I want to start by saying just how apt that title is- the…double entendre of it all. These posts will probably be a bit of a…run on, but I also hope they create a “run on” in terms of shopping. But that’s all aside…
I’ve talked about Jew Hatred before on this blog (HERE) and this post isn’t necessarily about that, BUT I think it’s important to touch on quickly and it ties into a project I want to work on. If you haven’t seen the latest attack on Jews by Kanye West, well consider yourself lucky. He said some truly horrifying things and the response has been both disheartening and heartening. I’ve seen both ends of the spectrum from condemnation, to trying to write him off. However, he has spurned folks to take very real action in the real world (displays in Los Angeles over the weekend) which once again proves that words are real, no matter the source they come from. Now, Jew Hatred is not a new thing, it’s a thousand-year-old thing that ebbs and flows in intensity and presentation but always remains. However, the Jewish people are working not only to call out all levels of Jew Hatred – both shady and subtle as well as overt- but also to educate folks about Judaism.
I’ve always personally felt like the best way to learn about the Jewish people and Judaism and our history is by speaking to people, learning or reading their experiences and stories. Judaism is unique as every single Jewish person has a completely different story to tell. A completely different life experience. You could talk to me and to my Jewish relatives and we will have very different experiences, different views, different levels to our Jewish-ness. Sure, there are some things that may be similar, but in terms of life and experience- every single one of us is different. Which means that listening and learning is so important.
In this attempt to listen and learn, we will often turn to literature…or at least I will. And boy is there quite a bit of it out there, mostly centered on The Holocaust.
I want to interject really fast and say- there is nothing wrong with reading literature regarding The Holocaust. This was the most horrifying, devastating thing to occur to the Jewish People in modern times and a truly horrifying act for all humanity. It’s also something regularly referenced and used as a tool to try and stop it from happening again. Which I have conflicting thoughts about, but that’s a thought for another day.
So, so much literature around one of the most devastating things in our Modern Jewish History. And it’s not wrong to read books about it. In fact, I encourage you to read survivor testimony, to listen to the stories and understand why any level of Jew Hatred is terrifying to Jews around the world. It’s a hard subject, but it is so important to read.
HOWEVER, you have to be careful when consuming Holocaust literature. You have to be careful when consuming any level of Jewish Literature. And that’s what I want to do with a new project. There is a lot of good Jewish literature out there, A LOT, but there is also a lot of harmful Jewish literature that is DANGEROUS and could contain some level of Jew Hatred that you don’t even realize when reading.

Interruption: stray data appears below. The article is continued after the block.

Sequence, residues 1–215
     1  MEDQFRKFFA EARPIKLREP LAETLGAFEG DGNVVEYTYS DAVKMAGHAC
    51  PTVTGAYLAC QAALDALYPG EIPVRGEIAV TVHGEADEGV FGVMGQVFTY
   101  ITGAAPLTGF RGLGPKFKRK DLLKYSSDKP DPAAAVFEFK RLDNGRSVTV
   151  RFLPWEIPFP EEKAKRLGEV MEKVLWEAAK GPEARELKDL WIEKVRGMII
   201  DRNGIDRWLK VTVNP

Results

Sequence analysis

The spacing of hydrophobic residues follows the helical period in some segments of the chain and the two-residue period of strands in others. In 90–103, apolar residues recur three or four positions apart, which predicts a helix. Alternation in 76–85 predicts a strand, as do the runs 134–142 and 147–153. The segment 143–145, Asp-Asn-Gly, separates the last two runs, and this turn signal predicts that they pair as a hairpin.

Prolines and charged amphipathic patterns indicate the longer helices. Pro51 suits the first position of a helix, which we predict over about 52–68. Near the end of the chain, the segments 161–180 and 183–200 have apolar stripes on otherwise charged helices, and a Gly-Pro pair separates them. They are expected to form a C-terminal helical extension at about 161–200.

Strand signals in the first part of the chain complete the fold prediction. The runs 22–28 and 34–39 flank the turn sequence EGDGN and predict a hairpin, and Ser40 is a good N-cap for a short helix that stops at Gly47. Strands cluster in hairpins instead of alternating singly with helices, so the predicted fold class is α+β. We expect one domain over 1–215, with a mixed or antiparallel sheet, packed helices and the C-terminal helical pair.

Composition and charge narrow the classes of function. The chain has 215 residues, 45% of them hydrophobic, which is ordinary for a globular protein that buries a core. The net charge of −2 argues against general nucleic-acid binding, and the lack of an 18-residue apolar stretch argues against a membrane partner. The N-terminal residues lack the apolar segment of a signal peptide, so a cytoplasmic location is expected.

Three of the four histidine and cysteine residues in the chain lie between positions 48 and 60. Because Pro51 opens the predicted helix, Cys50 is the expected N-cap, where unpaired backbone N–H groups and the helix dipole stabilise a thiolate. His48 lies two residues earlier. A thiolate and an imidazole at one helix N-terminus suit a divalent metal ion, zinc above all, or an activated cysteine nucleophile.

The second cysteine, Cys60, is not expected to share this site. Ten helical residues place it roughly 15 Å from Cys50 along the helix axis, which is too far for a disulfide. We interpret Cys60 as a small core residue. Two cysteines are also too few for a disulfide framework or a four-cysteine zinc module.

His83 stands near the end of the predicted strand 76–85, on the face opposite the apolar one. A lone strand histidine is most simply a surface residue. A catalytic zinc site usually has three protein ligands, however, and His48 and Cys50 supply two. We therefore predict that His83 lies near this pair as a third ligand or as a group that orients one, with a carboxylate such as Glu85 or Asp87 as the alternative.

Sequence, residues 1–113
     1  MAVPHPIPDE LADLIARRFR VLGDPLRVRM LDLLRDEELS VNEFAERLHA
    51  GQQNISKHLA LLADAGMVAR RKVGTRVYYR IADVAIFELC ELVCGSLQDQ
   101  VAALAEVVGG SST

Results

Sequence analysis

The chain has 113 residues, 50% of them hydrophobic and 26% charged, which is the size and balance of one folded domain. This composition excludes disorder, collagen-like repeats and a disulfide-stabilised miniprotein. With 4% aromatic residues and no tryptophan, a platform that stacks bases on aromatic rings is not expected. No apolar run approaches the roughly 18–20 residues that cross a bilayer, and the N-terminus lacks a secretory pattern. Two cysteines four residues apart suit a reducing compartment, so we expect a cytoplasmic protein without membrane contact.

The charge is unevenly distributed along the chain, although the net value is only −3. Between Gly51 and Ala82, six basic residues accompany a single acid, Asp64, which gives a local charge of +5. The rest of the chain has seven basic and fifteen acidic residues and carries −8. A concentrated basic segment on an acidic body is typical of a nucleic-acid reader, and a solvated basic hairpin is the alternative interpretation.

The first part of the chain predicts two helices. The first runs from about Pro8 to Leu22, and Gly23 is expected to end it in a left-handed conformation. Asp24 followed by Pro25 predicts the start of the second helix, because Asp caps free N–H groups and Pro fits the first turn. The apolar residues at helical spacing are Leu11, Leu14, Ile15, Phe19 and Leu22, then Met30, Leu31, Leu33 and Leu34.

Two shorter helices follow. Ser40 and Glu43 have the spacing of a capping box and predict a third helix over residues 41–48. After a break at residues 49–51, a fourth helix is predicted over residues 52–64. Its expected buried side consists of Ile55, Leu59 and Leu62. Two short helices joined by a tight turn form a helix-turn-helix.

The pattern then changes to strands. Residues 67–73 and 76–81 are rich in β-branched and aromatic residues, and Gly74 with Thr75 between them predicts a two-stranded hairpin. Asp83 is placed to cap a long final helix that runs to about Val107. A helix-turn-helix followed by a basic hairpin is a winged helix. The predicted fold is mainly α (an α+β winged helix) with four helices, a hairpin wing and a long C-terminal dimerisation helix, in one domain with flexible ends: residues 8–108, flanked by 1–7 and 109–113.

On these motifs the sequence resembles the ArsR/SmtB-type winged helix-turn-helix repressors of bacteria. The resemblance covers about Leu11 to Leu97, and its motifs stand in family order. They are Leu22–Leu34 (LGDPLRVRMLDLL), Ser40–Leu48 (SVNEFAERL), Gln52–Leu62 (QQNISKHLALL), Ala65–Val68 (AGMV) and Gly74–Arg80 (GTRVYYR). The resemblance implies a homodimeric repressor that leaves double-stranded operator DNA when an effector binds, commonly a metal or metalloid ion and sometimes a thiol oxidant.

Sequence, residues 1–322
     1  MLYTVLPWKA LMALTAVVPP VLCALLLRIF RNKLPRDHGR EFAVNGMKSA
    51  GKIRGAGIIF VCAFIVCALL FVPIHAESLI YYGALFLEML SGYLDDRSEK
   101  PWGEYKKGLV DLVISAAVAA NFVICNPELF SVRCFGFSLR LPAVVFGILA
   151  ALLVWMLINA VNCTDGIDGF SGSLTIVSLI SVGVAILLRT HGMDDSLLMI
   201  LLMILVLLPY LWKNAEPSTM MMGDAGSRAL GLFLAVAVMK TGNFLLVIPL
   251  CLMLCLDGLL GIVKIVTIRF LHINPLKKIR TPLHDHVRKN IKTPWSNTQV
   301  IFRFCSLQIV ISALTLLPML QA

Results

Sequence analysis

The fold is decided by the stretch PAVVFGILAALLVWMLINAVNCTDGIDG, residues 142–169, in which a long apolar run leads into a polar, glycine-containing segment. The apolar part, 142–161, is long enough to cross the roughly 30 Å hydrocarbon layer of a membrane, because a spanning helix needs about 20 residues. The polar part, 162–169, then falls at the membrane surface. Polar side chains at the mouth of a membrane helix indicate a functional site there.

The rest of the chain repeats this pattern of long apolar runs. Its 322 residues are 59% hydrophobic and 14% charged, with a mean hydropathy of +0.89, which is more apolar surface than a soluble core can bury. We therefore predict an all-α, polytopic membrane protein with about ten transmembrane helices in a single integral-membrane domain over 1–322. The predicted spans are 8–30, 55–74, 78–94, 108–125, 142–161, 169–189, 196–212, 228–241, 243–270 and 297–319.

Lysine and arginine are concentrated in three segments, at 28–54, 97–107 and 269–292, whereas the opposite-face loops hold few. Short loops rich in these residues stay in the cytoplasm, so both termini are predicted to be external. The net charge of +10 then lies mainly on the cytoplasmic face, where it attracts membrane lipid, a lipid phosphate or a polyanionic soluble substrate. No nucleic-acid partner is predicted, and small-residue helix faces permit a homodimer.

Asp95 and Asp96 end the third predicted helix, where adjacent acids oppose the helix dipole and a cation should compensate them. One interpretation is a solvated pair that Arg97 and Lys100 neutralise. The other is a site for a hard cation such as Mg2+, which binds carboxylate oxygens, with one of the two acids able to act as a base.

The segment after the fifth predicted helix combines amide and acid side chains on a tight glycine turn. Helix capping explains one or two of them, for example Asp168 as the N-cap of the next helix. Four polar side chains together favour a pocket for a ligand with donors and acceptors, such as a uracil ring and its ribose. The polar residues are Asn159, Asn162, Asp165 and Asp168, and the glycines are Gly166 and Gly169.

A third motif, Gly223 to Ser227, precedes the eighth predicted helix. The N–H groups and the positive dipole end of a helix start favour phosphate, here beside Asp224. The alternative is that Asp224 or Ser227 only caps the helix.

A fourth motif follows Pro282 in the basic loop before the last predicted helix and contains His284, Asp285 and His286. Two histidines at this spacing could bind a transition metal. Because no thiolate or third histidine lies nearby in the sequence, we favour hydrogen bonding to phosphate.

What brought this idea on is the news (that I’m not sure how new this is- I think it’s been talked about before, but we might only just now be getting new publishing news?) that The Boy in the Striped Pajamas is going to be getting a sequel of sorts. Now, a lot of us have read the book or seen the movie. A lot of us would probably think- great it’s shining a light on the Holocaust- and the story of this Nazi family experiencing the torture and loss of their son, killed in the same manner as all the Jews. BUT what you’re actually reading is a Nazi excusing book. A book that’s saying this Nazi family (outside of the commandant) had no idea of what was happening in the camps, that this little Nazi boy befriended and helped this little kid, and it HUMANIZED him. The whole book is about HUMANIZING this Nazi family, when at the same time the dad in the family was continually torturing, starving, and killing Jews in the camp that he was in charge of.
But we don’t pick up on that when reading. Especially if we are not reading critically and we don’t have the history or the trauma in our lineage or in our people. This is often times one of those books that is recommended to young children as an introduction to The Holocaust, but how can we expect our children to understand the magnanimity of the Holocaust if, from the start, they are looking at the Nazi’s through a sympathetic or humanized lens?
And that’s just Holocaust literature. Do you know that there is more to the Jews than just being murdered?
During this project I am going to be reading a wide variety of Jewish stories, both Holocaust and not Holocaust related. I am going to be reading fiction and nonfiction, trying to cover a variety of genres. And then I’m going to come here and I’m going to talk about it. I’m going to talk about the representation, I’m going to talk about the level of Jewish-ness in the book, how it fits with our history, how it fits with my own story, and more. I’m going to take each apart and dissect them. It’s going to be more in depth than my monthly wrap ups because I really want to get to the meat and potatoes of Jewish Literature.
I want to be able to recommend books that I feel are worthy of your time to read, to give you some insight on Jewish life (both the highs and the lows) and Jewish history. This is how I learn, how I take in knowledge, and I know that it is for others, so I hope this helps. This is going to a long-term project, though I have no idea on posting schedules for these. I have already read several books that I will be diving into first, but if you have heard of any, know any that you would like my take on, please let me know what they are, and I’ll add them in (same goes for if you hear of any in the future).